China's economy to grow steadily despite problems: economists
Despite low consumer price index and industrial profit drop, China's economy is believed to grow steadily for the second half of 2005.
Instead of slowing down as expected, China's economy engine maintained a strong momentum, with a 9.5 percent growth in the second quarter, even a little higher than the first quarter.
Along with the fast growth rate, China's economy suffers low consumer price index (CPI), slumping industrial profit and overgrowing foreign exchange reserve, which might affect the stability of the economy.
Overall, the economy is moving for the better, said Xie Fuzhan, deputy director with the Development Research Center of the State Council.
In the first half, the industrial profit rose by 16 percent, much lower than 40-percent increase last year.
"But there is no signal for any danger as China aimed to cool down its overheated industries," said Xie.
The first two quarters saw a mere 2.3 percent increase of the CPI, 1.3 percentage points lower from the same period last year, which aroused public worry about a possible deflation.
Zhong Wei, financial expert with Beijing Normal University, believed deflation is not likely to occur this year, but "it is looming up and next year's price rise may come at a standstill".
Many economists disagree.
The grain price will not fall too much due to the policy support and the government will adjust the prices of public utilities and services, main factors of the CPI, according to the market, said Zhu Baoliang, chief economist with the State Information Center.
The surge of oil price will also help to raise the CPI, said Zhu.
Though the CPI in the first quarter is low by international standards, it alone does not mean the deflation is inevitable, Xie Fuzhan said.
Factors of capital prices and prices of producing materials should also be taken into consideration, Xie said.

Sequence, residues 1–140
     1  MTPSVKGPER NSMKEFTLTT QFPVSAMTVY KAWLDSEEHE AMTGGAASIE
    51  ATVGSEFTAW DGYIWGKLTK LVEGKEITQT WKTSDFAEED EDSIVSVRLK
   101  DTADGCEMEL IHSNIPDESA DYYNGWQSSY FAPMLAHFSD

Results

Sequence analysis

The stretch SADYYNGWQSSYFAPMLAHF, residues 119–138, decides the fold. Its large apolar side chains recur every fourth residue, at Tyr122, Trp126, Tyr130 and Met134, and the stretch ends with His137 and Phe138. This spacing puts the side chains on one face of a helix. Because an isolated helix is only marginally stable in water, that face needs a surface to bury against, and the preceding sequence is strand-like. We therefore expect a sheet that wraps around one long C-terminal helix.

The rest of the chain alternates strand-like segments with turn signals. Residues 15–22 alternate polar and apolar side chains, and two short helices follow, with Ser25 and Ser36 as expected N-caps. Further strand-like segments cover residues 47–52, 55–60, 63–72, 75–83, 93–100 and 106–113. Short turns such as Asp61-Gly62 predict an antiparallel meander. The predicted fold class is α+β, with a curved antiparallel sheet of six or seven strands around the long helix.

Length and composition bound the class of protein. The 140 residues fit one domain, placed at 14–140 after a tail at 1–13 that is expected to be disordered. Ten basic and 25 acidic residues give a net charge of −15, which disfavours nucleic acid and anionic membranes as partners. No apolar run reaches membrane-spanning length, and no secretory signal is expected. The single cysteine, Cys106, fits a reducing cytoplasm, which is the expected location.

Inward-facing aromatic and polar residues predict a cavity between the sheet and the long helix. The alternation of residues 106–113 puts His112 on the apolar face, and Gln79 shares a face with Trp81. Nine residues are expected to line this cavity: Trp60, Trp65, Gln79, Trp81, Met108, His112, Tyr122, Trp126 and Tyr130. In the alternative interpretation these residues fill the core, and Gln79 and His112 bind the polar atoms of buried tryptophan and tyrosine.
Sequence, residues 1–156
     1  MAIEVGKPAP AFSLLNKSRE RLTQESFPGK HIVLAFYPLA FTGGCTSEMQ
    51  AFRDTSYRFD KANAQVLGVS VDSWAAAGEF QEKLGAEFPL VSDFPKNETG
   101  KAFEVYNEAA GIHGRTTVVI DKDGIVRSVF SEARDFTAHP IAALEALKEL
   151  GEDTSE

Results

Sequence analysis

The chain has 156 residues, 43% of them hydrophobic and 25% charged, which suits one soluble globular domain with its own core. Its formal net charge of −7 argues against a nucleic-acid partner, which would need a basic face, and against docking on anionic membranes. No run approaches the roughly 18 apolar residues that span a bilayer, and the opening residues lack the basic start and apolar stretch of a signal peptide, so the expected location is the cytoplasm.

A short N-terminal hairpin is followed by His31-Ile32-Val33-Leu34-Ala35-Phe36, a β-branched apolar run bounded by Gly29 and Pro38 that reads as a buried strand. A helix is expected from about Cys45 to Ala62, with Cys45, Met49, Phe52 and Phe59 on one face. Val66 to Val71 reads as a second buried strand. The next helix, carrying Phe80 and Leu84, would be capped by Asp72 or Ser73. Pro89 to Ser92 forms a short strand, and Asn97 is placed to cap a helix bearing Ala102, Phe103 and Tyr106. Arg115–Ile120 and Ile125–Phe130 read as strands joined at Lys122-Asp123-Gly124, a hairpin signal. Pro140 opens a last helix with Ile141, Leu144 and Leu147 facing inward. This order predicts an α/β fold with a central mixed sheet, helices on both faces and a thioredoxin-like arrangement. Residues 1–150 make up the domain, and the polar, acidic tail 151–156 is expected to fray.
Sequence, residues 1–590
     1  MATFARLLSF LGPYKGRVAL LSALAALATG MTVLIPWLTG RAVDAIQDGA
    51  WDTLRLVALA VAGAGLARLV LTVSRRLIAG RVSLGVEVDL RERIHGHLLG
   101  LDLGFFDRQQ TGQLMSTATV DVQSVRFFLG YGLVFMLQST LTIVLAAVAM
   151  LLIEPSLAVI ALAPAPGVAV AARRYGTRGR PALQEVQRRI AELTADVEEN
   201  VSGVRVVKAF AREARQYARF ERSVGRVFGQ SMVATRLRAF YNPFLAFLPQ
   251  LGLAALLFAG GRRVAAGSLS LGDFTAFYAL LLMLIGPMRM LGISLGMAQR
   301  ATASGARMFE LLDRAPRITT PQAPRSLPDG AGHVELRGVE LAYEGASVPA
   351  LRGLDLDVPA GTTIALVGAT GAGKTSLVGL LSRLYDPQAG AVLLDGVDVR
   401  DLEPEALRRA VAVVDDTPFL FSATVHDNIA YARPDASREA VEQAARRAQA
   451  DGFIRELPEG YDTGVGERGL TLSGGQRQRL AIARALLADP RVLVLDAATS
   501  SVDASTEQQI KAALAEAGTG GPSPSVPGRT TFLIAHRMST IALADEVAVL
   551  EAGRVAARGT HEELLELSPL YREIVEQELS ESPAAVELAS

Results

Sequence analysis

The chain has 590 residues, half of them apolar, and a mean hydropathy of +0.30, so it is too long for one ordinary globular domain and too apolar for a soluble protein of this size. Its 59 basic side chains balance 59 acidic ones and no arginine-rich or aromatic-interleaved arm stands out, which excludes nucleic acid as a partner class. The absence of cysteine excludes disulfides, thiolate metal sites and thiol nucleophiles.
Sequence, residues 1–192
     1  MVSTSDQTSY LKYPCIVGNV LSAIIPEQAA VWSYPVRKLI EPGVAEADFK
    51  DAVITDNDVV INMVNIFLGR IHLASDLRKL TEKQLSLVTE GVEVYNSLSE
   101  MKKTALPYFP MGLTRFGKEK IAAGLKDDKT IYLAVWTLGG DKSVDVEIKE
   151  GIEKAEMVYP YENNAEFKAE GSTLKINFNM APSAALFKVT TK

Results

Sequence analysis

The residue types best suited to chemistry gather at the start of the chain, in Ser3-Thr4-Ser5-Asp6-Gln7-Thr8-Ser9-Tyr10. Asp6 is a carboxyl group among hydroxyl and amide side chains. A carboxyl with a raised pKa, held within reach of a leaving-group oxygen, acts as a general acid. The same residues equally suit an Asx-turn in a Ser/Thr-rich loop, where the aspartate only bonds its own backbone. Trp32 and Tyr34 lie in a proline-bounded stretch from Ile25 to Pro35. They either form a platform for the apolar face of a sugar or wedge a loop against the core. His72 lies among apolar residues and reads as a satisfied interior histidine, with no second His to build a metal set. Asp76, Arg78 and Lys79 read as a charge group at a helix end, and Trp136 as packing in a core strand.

Economists believe that the recent reform on China's RMB exchange rate formation mechanism will not make the CPI down too much.
As for China's economy in the mid-and-long run, most economists hold that it has entered a stage of stable growth and the existing problems will have little negative impact.
There are some factors contributing to the stable economic growth: the momentum of the investment growth remains and export plays a more important role in driving the economy, Qiu Xiaohua, deputy director with the National Bureau of Statistics (NBS) said.
Besides, the demand for the upstream products stay high and residents' consumption grow steadily, he said.
It is normal for such a large scale economy as China to grow at between 7 percent and 9 percent, which is also the target for the macro control, Xie said.
The world's leading investment bank Goldman Sachs has adjusted its expectation of China's economic growth this year from the previous 8.8 percent to 9.2 percent.
The bank holds that China's domestic demand is on the rise along with its soaring exports and that the CPI will continue rise mildly to the end of this year.
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